(Burnt by the Sun)
Director: Nikita Mikhalkov
Production: Studio "Tri T"/Camera One. Color, 35mm; running time: 152 mins. Released 1994. Filmed in Russia in 1992.
Producers: Nikita Mikhalkov, Michel Seydoux; screenplay: Nikita Mikhaklov, Roustam Ibraguimbekov, based on an original story by Mikhalkov; photography: Vilen Kaluta; editor: Enzo Meniconi; sound: Jean Umansky; music: Eduard Artemyev; art direction and set decoration: Vladimir Aronin, Alexandre Samulekine; costumes: Natalya Ivanova.
Cast: Oleg Menchikov (Dimitri); Nikita Mikhalkov (Sergei Kotov); Ingeborga Dapkounaite (Marussya); Nadia Mikhalkov (Nadya); Viatcheslav Tikhonov (Vsevolod); Svetlana Kriutchkova (Mokhava); Vladimir Ilyine (Kirik); Andre Oumansky (Philippe); Alla Kazanskaya; Nina Arkhipova; Avangard Leontiev; Inna Ulianova; Lyubov Rudnieva.
Awards: Co-winner, Jury Prize, Cannes Film Festival, 1994; Oscar for Best Foreign Film, 1994.
Borelli, Sauro, Nikita Mikhalkov, Firenze, 1981.
Nikita Mikhalkov: Sbornik, Moscow, 1989.
Peigne-Giuly, A., "Quelques jours d'un tournage de Mikhalkov," in Cahiers du Cinema (Paris), February 1994.
Maslin, Janet, "A Dark Comedy Wins at Cannes," in The New YorkTimes, 24 May 1994.
Murat, Pierre, "Soleil trompeur/Un Russe n'a jamais connu de loi," in Télérama, #2329, 31 August 1994.
Stanley, Alessandra, "Surviving and Disturbing in Moscow," in TheNew York Times, 21 March 1995.
Lipman, M., "Russians Beam over Sun's Oscar," in The WashingtonPost, 29 March 1995.
Filipov, David, "Post-Soviet Screen Struggle," in Boston Globe, 12 April 1995.
Thomas, Kevin, "Welcome Rays from Sun," in Los Angeles Times, 22 April 1995.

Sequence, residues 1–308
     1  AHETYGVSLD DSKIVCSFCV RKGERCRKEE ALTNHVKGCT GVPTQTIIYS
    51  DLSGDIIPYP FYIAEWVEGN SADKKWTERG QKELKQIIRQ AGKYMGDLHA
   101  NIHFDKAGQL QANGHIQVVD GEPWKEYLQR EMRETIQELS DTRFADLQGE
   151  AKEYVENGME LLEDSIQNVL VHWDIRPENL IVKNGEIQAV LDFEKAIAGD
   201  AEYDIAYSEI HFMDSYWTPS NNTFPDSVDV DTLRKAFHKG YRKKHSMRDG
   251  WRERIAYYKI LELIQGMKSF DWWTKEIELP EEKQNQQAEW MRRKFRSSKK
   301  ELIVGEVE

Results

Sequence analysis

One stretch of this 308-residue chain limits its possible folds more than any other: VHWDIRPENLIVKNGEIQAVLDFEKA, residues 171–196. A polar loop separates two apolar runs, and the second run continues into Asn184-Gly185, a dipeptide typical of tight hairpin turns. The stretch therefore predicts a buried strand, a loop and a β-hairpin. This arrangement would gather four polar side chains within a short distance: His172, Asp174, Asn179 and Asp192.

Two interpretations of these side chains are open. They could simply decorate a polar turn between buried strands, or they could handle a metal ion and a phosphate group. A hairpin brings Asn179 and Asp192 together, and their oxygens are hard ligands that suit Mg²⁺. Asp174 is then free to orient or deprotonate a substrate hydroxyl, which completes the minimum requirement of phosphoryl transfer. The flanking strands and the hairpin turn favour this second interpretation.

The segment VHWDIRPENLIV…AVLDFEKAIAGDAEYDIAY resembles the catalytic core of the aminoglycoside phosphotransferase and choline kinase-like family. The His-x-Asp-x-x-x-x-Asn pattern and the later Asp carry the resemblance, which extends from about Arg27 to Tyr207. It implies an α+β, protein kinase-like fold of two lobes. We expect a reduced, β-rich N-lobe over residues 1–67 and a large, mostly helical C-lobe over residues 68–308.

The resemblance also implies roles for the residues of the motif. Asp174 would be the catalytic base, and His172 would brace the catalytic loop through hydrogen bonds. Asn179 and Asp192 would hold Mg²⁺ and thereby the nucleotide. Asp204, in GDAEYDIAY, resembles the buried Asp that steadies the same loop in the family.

Leydon, Joe, "From Stalin to Oscar," in Boston Globe, 14 May 1995.
Neff, R., "Mikhalkov Recalls Stalin Era with Oscar-Winning Drama," in Film Journal, vol. 98, June 1995.
Bonet, P., "Warmed by the Oscar," in World Press Review (Marion, Ohio), July 1995.
Glaessner, Verina, "Blind Faith," in Sight and Sound (London), vol. 6, no. 1, January 1996.
* * *
Nikita Mikhalkov's Burnt by the Sun is at once a heartfelt and heartbreaking drama. It is heartfelt as a depiction of a loving family, and specifically a sweet relationship between a father and daughter. It is heartbreaking because that relationship is destined to be intruded upon by the odious spectre of political hypocrisy within the confines of post-revolutionary, Stalin-ruled Russia.
In Burnt by the Sun, yesterday's revolutionary, whose role was so meaningful in overthrowing a ruling class, is depicted as today's undesirable: a man whose crime is having become "middle class," and who is separated from his family and swiftly executed without being afforded the opportunity of self-defense.
The time is the mid-1930s, and Mikhalkov tells the story of Sergei Kotov (played by the filmmaker), one of the leaders and heroes of the Russian Revolution. Sergei is a middle-aged man who resides in the country with his family, including his wife, Marussya (Ingeborga Dapkounaite), and precocious six-year-old daughter, Nadya (played by Mikhalkov's real-life offspring). Sergei has been a confidante of Stalin, and has the well-earned respect of his fellow citizens. He is a true revolutionary, who is keenly aware of the purpose and meaning of revolution: to better the lives of the common people. He tells Nadya that the soles of his feet are "like shoe leather" and "as hard and round as rocks"; they are souvenirs from his years as a young revolutionary. His hope is that his daughter will have comfortable shoes and soft socks, and will travel about in cars, trains, airplanes. What he wants for her is what he wants for all Russian children: a better future, in which all citizens can "run, without having to flee." "We're building up Soviet power for that," he says.